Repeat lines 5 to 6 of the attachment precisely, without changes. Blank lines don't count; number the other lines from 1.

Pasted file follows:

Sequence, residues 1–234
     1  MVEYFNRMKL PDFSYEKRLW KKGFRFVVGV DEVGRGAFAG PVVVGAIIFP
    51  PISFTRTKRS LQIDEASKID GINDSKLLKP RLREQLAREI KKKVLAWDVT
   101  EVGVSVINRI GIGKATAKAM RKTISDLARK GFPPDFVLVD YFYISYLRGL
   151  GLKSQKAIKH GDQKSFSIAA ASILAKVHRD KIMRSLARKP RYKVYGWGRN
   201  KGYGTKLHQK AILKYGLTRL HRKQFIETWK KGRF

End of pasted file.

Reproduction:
   151  GLKSQKAIKH GDQKSFSIAA ASILAKVHRD KIMRSLARKP RYKVYGWGRN
   201  KGYGTKLHQK AILKYGLTRL HRKQFIETWK KGRF